Doesn't this sound similar to our readings from the Bible? Let's hear our reading from Isaiah again:

I will tell of the kindnesses of the Lord, the deeds for which he is to be praised, according to all the Lord has done for us--yes, the many good things he has done for the house of Israel, according to his compassion and many kindnesses. He said, ""Surely they are my people, children who will not be false to me""; and so he became their Savior. In all their distress he too was distressed, and the angel of his presence saved them. In his love and mercy he redeemed them; he lifted them up and carried them all the days of old. (Isaiah 63:7-9)

Yes, our angel experiences today have the same liberating effects as did the appearances of angels in Biblical times. The angels of the Lord's presence can still lift us up from our distress and carry us as they did in the days of old. Angels represent to us the eternal presence of God and spirit in our lives. Materialism may satisfy for a moment, but lasting joy comes only from having our lives filled with the spirit of God--which angels can communicate to us.

As we approach Christmas, there is a special event that the angels announced to Mary--and to us, too. The angel Gabriel was the messenger of the gladdest tidings ever brought to a weary and depressed world: the news, not merely of the coming of an angel of light, but of the coming of the source of that light. For the angel Gabriel announced the coming of the infinite God into our small, dark world.

The spiritual situation at the Lord's advent was similar to what we as a culture have recently experienced. The religion of the time had become corrupt, and had lost its spiritual power as a guiding force for the people. It had been largely replaced by the human desire for material knowledge, comfort, wealth, and power. Yet as with the materialistic science of our day, these had been tried and found wanting. There was a tremendous spiritual vacuum.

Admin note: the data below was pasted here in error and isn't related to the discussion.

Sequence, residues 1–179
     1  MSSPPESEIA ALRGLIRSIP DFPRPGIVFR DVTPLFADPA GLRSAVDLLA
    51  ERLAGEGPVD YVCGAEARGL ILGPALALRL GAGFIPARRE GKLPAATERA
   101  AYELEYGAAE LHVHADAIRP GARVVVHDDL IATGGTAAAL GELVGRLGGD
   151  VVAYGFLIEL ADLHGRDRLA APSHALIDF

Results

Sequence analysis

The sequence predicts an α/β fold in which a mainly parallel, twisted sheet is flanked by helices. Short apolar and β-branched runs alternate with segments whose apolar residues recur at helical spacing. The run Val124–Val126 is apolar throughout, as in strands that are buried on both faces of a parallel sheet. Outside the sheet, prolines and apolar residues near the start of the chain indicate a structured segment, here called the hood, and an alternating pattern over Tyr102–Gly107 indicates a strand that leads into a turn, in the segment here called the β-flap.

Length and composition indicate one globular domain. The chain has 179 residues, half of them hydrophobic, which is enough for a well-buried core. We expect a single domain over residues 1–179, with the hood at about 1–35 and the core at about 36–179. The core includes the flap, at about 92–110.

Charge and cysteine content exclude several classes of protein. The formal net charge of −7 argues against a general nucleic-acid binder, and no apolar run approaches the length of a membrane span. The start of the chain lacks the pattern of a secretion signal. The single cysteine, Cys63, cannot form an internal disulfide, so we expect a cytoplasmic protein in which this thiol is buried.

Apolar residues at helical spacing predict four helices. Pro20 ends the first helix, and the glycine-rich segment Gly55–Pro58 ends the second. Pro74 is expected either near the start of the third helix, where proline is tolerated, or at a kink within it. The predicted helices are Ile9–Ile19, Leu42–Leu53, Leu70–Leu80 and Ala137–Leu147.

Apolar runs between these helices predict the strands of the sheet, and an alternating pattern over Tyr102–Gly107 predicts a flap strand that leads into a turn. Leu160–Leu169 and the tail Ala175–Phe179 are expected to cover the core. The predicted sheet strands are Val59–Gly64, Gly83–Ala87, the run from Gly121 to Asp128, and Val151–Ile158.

At that very moment in human history, when people were most ripe for it, angels came to vaporize the obstacles in the path of the Lord's coming. They came to announce to those who would listen that the salvation of human beings from their dreary slavery to worldly living was on its way.

And then that salvation came: our Lord Jesus was born, destined to break the power of selfishness and materialism wherever human hearts made room for that divine presence.

The power of the angels in our lives is really the Lord's power. As Swedenborg says, "Angels were sent to people, and they also spoke through the prophets. But what they said did not originate in those angels; it came through them" (Arcana Coelestia #1925). What comes through the angels comes from the Lord.

The Lord's angels wish to speak to us, too. They may not always do it in a living voice; many of us will not feel an angelic hand on our shoulder in this earthly life. But if, at this season of Advent, we open ourselves up to the Lord's divine presence in our lives, we will feel the angels' presence deep within us, lifting us up from the distress, disappointment, and pain of this world into a higher level of our existence. We will feel the Lord's presence coming to us through the angels, reassuring us that God loves us and wants to be born anew in our hearts, minds, and lives. We will feel the angels within us and among us, giving us a message of new hope in our Lord Jesus Christ. Amen.

Prayer

Lord Jesus, as we approach this time of celebrating your birth into our world, we find that the light within us is darkness. Yet we know you do come to us at our darkest times. Send your heavenly angels to announce to our souls the good news that you are coming to us gently, and quietly yet powerfully bringing the peace that passes all earthly understanding. Open our ears to hear the angel voices calling us to your birth within us and among us. Amen.

Rev. Lee Woofenden